Flammable and combustible liquids

The storage, use and disposal of flammable and combustible liquids falls under the rules and regulations promulgated under OSHA and the National Fire Association.

All users of flammable and combustible material must follow these rules.

A flammable liquid is any liquid, solid or gas that will ignite easily and burn rapidly. Materials that are flammable are of concern due to their ability to render damage to property and more importantly, to injure or cause death of workers.

“Flammable liquids” refer to any liquid having a flash point below 100°F. Such flammables are Class I liquids. These liquids are subdivided onto three classes. The following is an illustrative list of common flammable liquids:

Class IA Flash point below 73°F, boiling point below 100°F

acetaldehyde ethyl chloride petroleum ether
collodion methyl ethyl ether propylene oxide
ethyl ether pentane  

Class IB Flash point below 73°F. boiling point at or above 100°F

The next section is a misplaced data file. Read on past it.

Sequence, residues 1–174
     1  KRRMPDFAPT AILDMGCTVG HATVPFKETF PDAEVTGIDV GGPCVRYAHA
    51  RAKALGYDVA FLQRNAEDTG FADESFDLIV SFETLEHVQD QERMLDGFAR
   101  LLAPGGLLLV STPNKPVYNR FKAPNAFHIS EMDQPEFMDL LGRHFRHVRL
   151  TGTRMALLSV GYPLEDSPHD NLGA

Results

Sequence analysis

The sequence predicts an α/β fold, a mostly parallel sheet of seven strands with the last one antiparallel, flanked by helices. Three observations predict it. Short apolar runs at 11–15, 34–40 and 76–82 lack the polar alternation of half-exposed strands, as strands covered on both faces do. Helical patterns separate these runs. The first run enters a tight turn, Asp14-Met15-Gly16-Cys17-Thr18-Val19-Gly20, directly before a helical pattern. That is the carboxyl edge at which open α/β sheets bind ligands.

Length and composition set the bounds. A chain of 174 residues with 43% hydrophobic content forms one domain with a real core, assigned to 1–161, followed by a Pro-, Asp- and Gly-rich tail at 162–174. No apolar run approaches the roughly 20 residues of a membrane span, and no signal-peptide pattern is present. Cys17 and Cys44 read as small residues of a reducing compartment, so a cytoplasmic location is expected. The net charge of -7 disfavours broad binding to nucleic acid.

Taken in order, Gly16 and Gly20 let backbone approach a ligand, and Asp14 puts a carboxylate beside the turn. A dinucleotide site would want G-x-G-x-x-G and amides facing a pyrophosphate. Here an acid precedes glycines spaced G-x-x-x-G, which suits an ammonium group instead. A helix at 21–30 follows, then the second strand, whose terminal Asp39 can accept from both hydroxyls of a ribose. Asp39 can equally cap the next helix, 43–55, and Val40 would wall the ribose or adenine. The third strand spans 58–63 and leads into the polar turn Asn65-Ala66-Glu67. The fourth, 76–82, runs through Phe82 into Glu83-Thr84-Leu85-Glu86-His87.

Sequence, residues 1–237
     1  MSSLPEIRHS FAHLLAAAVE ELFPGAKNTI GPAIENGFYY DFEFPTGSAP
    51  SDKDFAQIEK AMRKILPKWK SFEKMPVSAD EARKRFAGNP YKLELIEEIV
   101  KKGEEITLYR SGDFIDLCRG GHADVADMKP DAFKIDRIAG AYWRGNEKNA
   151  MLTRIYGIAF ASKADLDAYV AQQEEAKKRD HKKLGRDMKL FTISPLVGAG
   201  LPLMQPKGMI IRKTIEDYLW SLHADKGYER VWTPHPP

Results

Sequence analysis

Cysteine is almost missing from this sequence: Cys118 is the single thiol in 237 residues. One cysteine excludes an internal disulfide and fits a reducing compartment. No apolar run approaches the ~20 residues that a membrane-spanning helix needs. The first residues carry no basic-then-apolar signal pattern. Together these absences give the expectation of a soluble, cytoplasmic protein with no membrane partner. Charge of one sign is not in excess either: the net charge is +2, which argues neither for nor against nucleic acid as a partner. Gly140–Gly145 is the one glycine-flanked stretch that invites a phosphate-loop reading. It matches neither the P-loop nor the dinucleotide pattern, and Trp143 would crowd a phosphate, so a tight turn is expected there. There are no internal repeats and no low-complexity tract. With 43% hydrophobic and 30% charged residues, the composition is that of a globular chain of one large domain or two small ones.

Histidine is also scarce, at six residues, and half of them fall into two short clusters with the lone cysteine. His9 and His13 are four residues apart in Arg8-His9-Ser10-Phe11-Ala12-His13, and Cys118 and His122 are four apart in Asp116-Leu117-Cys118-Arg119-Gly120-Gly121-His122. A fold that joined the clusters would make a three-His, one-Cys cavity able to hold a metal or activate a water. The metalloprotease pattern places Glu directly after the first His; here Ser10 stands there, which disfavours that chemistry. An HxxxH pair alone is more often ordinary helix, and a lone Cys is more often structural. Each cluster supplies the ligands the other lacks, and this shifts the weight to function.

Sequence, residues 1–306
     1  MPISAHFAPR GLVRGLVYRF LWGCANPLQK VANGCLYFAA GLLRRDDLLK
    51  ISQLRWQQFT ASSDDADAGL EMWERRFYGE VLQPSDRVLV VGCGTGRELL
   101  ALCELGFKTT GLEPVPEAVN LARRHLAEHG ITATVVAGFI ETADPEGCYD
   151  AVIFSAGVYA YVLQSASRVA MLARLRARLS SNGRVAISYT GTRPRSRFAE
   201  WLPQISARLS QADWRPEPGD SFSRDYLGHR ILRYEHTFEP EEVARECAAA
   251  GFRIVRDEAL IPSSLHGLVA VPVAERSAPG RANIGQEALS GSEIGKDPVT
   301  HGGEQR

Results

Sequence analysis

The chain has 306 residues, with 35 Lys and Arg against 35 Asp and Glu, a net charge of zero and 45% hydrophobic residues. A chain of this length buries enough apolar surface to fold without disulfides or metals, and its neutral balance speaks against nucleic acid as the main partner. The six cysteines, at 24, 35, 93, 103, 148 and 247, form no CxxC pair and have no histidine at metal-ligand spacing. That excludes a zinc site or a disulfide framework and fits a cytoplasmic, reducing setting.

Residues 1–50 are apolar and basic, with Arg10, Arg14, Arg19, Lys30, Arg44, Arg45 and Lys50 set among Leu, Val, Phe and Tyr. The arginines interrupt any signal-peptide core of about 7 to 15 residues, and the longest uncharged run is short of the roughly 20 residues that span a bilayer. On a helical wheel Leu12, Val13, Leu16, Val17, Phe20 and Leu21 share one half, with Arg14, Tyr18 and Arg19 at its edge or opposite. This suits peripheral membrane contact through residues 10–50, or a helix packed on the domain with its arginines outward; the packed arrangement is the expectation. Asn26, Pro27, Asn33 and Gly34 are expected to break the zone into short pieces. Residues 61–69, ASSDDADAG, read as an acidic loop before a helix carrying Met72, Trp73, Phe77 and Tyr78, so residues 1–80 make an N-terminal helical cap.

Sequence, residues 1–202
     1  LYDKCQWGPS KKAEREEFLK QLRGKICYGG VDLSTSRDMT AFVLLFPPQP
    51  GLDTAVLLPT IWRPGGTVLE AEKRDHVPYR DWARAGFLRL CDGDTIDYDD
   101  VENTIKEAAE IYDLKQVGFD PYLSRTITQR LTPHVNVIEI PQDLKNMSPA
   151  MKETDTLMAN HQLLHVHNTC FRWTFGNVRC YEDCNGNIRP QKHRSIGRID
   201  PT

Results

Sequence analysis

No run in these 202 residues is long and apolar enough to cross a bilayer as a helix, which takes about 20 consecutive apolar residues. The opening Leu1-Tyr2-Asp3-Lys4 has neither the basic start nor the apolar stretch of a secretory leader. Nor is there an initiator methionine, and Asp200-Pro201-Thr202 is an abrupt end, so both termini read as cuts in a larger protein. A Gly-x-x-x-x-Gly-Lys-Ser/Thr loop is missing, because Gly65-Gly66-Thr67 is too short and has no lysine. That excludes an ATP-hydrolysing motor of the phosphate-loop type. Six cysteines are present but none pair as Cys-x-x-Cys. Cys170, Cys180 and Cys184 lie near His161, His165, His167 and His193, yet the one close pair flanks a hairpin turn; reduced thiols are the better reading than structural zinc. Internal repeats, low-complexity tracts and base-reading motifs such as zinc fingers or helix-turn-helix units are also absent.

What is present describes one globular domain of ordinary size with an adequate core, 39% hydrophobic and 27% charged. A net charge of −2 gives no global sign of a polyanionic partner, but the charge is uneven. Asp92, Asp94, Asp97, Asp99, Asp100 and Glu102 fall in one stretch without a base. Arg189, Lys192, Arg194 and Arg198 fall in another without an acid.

acetone ethyl acetate methyl alcohol
benzene ethyl alcohol methycyclohexane
butyl alcohol gasoline toluene

Class IC Flash point at or above 73°F and below 100°F

amyl acetate isopropanol turpentine
amyl alcohol methyl alcohol xylene
dibutyl ether styrene  

“Combustible liquids” refers to any liquid having a flash point at or above 100°F. Combustible liquids are subdivided as follows:

Class II Flash point at or above 100°F and below 140°F

acetic acid fuel oil no. 44 mineral spirits
camphor oil methyl lactate varsol
cyohexane hydrazine kerosene

Class III Flash point at or above 140°F and below 200°F

anline furfury alcohol phenol
carbolic acid naphthalenes pine oil
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